[GSBN] Compression

Sarah Johnston sol_design at yahoo.com
Tue Jun 2 12:53:52 CDT 2015


Hello Andre,

This sounds like a fun project.

Some different techniques we have used.... 

2500kg trucking straps pulling the wall down.  They are ratchet straps and get removed after the wall has been suitably compressed, leaving less substantial straps in place.

For our, 'infill' walls we use hydraulic jacks under the top plate to push the wall down prior to the last bale being placed into the wall.  We generally use a 2000kg jack above each bale.  This technique gets a good tight wall but is a difficult technique if you do not have a top plate that is strong enough or no top plate at all.

Not very accurate but worked well....  using a tractor with a bucket to push the wall down and winching vehicles off the ground....  These techniques were used when a living roof was being installed and the 900kg plastic straps were breaking during compression.  Once the wall is compressed the 900kg straps work fine.  

We look forward to hearing more!

Sven and Sarah Johnston
Sol Design, Ltd.
50A Connolly Street
Geraldine 7930  New Zealand
03 693 7369
sol_design at yahoo.com
www.soldesign.co.nz

--------------------------------------------
On Wed, 3/6/15, André de Bouter <contact at lamaisonenpaille.com> wrote:

 Subject: [GSBN] Compression
 To: "Global Straw Building Network" <gsbn at sustainablesources.com>
 Received: Wednesday, 3 June, 2015, 1:36 AM
 
 
   
 
     
   
   
     Hello Balers and Balesters,
 
     
 
     The French SB Network is invited to participate in a
 testing program
     on loadbearing SB. We'd like to show that compressed
 unplastered SB
     walls can carry a decent load. Of course we know that
 this has been
     proven before, but hey, this is France, we have to prove
 that the
     same laws of physics and logic apply here as well, so
 that the
     French can accept it is true (you never know, eh? ;-).
 
     
 
     The basic idea is that if we can show that such a wall
 is
     précompressed at, say, twice(?) the load it will carry
 in the
     future, it should be a safe bet that it will hold the
 future loads.
     I cannot yet explaine the details of what and how we
 want to test as
     they are not yet defined. We'd like to test
 unplasterd small, middle
     sized and big bale walls in order to mesure the ratio of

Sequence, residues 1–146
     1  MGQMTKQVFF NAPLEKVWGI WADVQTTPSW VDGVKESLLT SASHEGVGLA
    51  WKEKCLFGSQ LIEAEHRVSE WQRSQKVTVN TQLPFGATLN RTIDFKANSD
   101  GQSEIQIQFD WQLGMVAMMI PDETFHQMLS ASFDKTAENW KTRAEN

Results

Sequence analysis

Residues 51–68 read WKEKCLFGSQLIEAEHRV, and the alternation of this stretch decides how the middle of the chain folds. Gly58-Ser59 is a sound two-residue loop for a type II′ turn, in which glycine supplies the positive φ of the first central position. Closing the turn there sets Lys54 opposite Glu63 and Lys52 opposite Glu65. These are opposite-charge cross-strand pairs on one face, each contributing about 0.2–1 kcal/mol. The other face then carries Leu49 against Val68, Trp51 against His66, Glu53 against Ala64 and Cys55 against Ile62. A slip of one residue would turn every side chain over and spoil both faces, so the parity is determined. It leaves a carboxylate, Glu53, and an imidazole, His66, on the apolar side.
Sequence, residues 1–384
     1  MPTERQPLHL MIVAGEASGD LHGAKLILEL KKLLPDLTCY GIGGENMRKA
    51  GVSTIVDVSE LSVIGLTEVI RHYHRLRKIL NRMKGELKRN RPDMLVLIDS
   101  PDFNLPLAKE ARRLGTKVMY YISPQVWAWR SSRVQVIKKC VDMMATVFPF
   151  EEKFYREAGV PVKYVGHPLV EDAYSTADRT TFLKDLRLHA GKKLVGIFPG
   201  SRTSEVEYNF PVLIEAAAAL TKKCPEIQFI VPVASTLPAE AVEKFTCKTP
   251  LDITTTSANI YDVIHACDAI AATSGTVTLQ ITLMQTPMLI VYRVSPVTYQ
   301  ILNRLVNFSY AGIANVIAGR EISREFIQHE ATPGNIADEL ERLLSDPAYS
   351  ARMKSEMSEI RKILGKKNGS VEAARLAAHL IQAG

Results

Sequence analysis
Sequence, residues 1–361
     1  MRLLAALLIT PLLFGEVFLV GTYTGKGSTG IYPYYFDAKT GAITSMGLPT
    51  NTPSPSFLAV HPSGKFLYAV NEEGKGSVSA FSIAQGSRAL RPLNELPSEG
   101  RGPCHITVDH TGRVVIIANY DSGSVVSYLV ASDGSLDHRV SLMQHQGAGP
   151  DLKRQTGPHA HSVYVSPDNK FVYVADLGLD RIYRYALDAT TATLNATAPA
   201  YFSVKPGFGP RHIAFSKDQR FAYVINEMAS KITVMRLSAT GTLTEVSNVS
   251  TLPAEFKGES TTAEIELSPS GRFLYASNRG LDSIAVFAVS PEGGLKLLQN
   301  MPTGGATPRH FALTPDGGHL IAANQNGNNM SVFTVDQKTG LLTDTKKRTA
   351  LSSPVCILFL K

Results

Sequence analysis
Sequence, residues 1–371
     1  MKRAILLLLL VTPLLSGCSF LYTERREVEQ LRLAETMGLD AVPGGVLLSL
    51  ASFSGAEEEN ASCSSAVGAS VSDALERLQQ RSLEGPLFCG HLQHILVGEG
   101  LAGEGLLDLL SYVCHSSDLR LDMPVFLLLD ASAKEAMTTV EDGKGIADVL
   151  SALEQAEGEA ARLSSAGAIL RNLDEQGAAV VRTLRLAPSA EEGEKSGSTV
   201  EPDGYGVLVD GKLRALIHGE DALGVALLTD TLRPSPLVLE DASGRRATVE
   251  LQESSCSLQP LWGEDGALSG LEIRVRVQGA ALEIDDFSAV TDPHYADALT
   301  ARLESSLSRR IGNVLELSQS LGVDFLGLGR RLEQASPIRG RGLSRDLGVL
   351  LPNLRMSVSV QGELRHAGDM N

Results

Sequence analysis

reduced
     height relative to dry density of the bales and the
 applied
     compression.
 
     a few plastered walls might be tested too.
 
     
 
     I'm looking for is a cheap, secure and rapid way to
 compress the SB
     walls 'a whole lot', that can, preferably, be
 reproduced on building
     sites. And if possible in a way that one can predifine
 the
     compression load. 
 
     I found this pneumatic strapping device :
 
 http://www.central-strapping.de/francais/arrimage/pneumatique/pneumocord.html
 
     but it 'only' goes to 7500N (750kg - 1650 lbs)
 
     I found straps that go 1170 kg - 2574 lbs
 
     Comming acros this device I figured that compressing
 loadbearing
     walls would finaly become a controled piece of dense
 cake. But I
     wonder if this machine (for a 'mere' 2000€)
 has what it takes to
     compress enough.
 
     
 
     We could also use mesuring devices under the straps,
 (maybe cheaper)
     but probably finiky.
 
     
 
     Have any of you have found the 'perfect',
 controlled, compression
     method yet?
 
     
 
     Any suggestions on how much you would press the walls
 and how big a
     safety margin engineers, building officials and builders
 insurance
     (our biggest hurdle in France) would consider ok?
 
     Our starting point is to convince that a SB wall can
 carry 500kg
     (1100 lbs) per meter of wall (about 3 feet). Does a
 compression of
     700kg - 1550 lbs 'impress'? or should the margin
 be much higher?
 
     
 
     Cheers,
 
     André - squeezit - de Bouter
 
     -- 
 
       
       
       La
           Maison en Paille
 
       
 
       Organisme de formation
       enregistré sous no. 54 16 00646 16
 
       Rue des Chaumes, Les Pellières, 16120 ST-SIMEUX
 
       
 
       05 45 66 27 68    
 
       contact at lamaisonenpaille.com
 
       www.lamaisonenpaille.com
     
   
 
 
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